Note:  Do not rely on this information. It is very old.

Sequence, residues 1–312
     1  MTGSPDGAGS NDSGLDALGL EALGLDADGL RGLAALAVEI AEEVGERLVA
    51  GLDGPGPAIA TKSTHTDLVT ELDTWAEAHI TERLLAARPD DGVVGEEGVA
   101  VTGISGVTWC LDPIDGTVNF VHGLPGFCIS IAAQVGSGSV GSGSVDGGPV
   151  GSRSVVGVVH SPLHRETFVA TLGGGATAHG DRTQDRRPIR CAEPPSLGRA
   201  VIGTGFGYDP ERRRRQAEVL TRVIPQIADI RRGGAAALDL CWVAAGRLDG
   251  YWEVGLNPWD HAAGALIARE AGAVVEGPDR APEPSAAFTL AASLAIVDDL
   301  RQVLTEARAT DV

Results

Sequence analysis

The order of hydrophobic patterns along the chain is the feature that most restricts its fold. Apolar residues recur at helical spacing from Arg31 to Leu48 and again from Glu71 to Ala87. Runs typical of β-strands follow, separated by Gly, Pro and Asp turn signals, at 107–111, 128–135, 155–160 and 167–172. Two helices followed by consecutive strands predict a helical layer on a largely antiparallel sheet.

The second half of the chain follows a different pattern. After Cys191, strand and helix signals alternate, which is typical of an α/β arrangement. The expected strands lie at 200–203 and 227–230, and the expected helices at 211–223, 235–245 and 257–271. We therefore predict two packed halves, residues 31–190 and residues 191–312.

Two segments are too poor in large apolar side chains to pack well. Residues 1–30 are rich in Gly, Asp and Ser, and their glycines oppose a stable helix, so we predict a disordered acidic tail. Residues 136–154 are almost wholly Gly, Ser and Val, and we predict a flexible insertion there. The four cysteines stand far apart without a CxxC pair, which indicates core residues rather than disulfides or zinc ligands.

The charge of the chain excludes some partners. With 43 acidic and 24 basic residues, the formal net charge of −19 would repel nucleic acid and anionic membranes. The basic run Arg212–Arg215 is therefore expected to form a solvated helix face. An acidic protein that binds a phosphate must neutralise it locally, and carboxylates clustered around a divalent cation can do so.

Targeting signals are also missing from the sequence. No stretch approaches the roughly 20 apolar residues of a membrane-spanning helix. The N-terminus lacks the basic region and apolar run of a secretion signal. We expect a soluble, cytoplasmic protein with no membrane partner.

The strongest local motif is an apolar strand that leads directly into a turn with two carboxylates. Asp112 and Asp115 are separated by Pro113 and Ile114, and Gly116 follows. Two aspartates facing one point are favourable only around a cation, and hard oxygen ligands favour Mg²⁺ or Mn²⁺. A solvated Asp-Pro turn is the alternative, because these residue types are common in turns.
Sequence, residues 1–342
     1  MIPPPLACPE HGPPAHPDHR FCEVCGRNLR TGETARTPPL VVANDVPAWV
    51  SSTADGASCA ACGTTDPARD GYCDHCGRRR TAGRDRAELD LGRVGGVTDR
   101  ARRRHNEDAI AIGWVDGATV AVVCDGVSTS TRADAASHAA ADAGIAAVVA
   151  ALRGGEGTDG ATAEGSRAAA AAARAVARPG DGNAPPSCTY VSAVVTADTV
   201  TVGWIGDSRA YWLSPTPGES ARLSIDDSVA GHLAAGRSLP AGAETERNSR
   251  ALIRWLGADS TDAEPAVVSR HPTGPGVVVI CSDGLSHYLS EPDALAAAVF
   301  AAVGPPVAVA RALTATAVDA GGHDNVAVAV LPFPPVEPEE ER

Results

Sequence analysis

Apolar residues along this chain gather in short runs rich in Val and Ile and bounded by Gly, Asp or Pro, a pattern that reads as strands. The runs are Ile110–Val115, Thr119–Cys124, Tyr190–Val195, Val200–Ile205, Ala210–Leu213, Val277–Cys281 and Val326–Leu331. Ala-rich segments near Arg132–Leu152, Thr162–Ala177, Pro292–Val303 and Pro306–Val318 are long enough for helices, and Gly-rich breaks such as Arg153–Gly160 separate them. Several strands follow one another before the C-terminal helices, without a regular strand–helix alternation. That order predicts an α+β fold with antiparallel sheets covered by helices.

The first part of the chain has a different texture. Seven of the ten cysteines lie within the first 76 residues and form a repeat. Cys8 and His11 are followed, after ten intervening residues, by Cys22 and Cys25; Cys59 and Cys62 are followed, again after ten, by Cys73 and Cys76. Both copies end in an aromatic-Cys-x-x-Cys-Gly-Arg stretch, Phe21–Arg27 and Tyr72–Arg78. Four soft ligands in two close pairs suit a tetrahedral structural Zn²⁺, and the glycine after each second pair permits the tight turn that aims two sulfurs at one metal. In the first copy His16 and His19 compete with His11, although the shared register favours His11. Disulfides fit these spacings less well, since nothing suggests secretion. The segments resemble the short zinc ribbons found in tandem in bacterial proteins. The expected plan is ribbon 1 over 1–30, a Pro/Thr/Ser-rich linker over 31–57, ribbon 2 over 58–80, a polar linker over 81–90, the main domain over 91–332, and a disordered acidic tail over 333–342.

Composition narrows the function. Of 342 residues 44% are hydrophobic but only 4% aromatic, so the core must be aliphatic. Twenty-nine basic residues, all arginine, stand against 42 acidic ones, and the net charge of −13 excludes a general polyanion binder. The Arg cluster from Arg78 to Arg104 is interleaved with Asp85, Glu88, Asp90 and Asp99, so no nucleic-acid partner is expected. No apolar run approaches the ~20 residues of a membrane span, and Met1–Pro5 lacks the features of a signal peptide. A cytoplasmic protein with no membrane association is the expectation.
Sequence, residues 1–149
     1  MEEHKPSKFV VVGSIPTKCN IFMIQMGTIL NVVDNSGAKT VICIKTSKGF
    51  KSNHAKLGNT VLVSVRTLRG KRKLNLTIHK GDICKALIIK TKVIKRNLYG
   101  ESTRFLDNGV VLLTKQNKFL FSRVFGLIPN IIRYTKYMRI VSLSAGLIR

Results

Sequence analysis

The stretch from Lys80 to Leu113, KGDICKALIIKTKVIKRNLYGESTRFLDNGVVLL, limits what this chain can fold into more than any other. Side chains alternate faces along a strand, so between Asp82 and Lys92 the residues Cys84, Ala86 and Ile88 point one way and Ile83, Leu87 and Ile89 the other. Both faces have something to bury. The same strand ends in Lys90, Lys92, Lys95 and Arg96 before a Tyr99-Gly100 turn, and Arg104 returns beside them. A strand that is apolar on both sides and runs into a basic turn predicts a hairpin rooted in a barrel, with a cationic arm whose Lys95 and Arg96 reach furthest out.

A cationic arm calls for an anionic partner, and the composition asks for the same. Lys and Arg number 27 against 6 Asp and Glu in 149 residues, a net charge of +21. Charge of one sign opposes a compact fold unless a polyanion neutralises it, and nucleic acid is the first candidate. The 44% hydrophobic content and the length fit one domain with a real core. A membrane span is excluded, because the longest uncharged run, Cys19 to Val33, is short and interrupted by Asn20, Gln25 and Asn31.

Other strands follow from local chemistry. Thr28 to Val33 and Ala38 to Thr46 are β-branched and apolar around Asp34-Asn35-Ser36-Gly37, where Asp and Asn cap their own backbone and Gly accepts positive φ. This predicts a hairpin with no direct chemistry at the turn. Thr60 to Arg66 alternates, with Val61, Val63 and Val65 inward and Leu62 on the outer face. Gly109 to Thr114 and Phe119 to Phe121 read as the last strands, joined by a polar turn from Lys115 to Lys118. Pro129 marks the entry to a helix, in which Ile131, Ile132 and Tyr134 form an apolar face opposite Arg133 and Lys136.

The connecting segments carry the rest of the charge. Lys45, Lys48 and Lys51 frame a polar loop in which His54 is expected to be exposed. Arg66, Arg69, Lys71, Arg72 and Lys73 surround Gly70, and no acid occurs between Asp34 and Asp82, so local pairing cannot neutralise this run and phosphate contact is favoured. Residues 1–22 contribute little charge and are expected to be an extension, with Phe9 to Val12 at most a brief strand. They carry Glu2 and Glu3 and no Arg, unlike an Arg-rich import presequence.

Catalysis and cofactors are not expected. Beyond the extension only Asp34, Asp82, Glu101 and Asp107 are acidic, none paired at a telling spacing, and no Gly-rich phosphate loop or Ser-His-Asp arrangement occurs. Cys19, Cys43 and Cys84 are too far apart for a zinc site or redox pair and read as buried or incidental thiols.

Cranesbill, the English name for the genus Geranium, so called from the long beak of the fruit formed by a central prolongation of the axis (carpophore) in grooves in which lie the styles of the five carpels. The genus comprises about 100 species, mostly herbs, natives of temperate regions, especially sea-shores and sandy regions, about a dozen species being British. Their stems are swollen at the nodes, their leaves palmate in venation or lobings, and their flowers polysymmetric and pentamerous, with imbricate sepals, and ten stamens united at the base of their filaments. When ripe, the five carpels separate as indehiscent cocci, the styles coiling elastically from the carpophore. The genus gives its name to the order Geraniaceae.